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14.5.3 - Cold-induced changes in membrane characteristics and metabolic profiles

One of the most characteristic changes associated with cold acclimation are decreases in the degree of saturation of membrane fatty acids, leading to greater membrane fluidity and an increase the functionality of membrane-bound substrate transporters and membrane-bound proteins at low temperatures. Moreover, cold-induced modifications in gene expression, subsequent changes in the abundance and activity of proteins, and alterations in other processes such as source-sink relationships and accumulation of metabolic intermediates, collectively lead to increases in the concentration of many metabolites. Thus, sustained exposure to cold leads to major modifications to the metabolome of plants.  Enhanced concentrations of soluble sugars are foremost amongst these, the most studied being the monosaccharides glucose and fructose, the disaccharide sucrose, and the trisaccharide raffinose; levels of each rise within a few hours of the onset of a cold treatment. Starch also accumulates in cold-exposed leaves.  The increase in sucrose is particularly rapid, despite the fact that cold often has strong inhibitory effect on one of the enzymes (sucrose phosphate synthase, SPS) responsible for its synthesis. Levels of sucrose continue to rise during the first few days of cold acclimation, aided by a long-term increase in the abundance and activity of SPS. Moreover, overall sugar levels generally remain elevated in plants exposed to sustained cold; this accumulation reflects shifts in source:sink relationships, underpinned by changes in the balance between carbon uptake by photosynthesis, carbon use by catabolic processes (e.g. respiration) and carbon export to other parts of the plant.  In some plants, increased concentrations of sugars may convey cryoprotective properties, reducing the incidence of membrane lesions and increasing survival during freezing (see Section 14.6).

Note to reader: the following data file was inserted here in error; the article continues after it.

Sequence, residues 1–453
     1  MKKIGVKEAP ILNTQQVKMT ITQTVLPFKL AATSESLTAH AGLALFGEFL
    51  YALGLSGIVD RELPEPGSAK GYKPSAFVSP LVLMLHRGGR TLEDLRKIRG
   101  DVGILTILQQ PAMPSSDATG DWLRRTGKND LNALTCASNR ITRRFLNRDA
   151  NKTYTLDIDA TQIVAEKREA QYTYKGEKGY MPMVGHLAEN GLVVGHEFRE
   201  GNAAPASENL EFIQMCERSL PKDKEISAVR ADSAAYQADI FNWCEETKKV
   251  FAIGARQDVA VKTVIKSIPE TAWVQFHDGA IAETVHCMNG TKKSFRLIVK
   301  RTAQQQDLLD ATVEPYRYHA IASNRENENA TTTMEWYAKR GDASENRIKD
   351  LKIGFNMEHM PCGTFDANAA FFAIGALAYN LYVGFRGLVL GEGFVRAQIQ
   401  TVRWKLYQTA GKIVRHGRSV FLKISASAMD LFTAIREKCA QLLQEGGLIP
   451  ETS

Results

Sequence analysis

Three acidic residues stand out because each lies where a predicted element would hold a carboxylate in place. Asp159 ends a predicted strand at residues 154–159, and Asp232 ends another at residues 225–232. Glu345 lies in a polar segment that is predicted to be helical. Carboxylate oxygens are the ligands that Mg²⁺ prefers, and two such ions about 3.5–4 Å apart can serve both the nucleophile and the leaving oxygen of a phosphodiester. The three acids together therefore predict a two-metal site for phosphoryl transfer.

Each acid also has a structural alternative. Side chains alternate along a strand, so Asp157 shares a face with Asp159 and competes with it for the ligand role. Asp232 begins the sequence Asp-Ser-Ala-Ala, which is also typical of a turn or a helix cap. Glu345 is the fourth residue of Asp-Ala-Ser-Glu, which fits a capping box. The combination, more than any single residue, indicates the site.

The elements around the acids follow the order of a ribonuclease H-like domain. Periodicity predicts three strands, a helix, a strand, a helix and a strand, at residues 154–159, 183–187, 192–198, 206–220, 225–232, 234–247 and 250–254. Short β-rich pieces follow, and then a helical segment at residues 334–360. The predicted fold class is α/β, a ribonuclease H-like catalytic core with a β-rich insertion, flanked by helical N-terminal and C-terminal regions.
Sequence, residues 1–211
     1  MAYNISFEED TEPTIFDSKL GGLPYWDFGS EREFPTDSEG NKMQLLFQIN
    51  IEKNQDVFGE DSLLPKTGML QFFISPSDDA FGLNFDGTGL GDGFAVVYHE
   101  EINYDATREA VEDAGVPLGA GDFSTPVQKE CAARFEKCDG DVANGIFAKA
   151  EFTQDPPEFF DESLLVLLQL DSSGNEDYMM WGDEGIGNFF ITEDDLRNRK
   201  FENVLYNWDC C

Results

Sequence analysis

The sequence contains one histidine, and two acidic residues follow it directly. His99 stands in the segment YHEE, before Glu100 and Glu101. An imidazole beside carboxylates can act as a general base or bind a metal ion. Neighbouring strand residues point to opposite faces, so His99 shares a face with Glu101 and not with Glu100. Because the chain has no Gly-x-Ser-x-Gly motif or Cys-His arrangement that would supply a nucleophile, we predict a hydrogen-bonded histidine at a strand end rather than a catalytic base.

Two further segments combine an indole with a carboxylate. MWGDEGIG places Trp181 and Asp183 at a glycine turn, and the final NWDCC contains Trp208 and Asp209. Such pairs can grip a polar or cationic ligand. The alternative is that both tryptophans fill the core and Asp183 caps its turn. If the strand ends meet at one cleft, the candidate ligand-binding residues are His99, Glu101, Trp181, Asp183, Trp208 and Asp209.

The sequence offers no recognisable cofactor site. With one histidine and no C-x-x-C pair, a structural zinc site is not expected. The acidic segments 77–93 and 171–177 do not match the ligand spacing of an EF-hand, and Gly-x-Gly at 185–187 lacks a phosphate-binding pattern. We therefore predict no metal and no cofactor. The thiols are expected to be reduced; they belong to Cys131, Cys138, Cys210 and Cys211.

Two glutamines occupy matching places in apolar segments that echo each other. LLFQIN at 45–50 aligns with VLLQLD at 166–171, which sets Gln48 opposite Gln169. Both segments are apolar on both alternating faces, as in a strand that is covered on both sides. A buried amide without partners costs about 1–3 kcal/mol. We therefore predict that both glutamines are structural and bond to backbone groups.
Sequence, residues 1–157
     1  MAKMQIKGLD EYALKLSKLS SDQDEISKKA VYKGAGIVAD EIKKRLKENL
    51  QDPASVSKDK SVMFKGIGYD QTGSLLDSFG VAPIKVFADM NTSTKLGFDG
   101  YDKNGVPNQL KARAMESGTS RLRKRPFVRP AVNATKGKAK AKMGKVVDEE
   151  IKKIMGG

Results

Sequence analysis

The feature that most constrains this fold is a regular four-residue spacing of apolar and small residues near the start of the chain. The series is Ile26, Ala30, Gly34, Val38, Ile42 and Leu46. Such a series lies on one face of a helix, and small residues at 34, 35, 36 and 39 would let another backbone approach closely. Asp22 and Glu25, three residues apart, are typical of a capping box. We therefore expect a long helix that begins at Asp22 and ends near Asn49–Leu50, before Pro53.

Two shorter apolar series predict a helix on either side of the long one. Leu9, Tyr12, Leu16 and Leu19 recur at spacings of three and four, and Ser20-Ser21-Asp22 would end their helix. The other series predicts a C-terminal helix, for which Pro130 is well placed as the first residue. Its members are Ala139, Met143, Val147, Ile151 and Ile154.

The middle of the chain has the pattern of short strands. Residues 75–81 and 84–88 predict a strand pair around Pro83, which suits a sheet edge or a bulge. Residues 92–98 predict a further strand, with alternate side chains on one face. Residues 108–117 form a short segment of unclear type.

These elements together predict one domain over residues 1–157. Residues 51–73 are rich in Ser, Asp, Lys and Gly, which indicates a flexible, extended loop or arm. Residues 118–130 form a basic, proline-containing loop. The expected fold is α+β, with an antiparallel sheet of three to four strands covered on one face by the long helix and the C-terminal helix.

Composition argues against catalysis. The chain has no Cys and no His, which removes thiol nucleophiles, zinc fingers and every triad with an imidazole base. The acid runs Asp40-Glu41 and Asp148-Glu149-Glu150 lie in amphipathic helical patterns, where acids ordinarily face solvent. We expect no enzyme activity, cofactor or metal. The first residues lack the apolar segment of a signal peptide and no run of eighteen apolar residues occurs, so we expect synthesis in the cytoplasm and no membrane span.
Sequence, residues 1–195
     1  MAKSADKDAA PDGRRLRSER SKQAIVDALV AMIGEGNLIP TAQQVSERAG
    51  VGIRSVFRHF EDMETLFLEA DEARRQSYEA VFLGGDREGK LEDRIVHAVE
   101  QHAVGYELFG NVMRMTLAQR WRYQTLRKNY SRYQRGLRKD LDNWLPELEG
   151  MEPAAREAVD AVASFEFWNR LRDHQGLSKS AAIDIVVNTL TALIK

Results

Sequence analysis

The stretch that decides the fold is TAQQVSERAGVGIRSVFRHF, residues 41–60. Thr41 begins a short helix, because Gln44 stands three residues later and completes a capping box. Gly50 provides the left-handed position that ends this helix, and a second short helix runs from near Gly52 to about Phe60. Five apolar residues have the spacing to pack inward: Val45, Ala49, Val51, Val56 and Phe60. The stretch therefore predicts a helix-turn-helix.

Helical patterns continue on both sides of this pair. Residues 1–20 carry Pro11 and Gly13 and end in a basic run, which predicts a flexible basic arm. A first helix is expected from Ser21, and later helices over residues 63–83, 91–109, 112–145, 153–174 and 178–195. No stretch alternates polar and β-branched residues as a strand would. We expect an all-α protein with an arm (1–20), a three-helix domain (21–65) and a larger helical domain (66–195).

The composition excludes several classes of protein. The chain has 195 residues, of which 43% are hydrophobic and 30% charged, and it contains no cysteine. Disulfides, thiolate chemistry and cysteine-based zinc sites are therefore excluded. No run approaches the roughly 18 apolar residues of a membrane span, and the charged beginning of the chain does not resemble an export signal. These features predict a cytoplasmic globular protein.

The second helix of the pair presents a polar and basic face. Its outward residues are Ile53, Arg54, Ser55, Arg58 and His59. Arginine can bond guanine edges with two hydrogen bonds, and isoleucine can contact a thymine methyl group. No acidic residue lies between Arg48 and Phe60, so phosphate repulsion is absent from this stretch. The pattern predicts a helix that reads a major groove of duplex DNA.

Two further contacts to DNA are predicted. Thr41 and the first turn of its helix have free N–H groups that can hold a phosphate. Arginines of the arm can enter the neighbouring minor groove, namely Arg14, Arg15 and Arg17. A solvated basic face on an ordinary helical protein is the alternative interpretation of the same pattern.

Cold treatment also leads to the accumulation of a range of other metabolites, including compatible solutes (i.e. small, highly soluble molecules that are non-toxic at high concentrations). The most studied of these is proline, which accumulates dramatically following cold exposure. Proline appears to act as a cryoprotectant, as evidenced by the fact that freezing tolerant mutants of Arabidopsis accumulate proline to very high levels, even in the absence of a cold stimulus.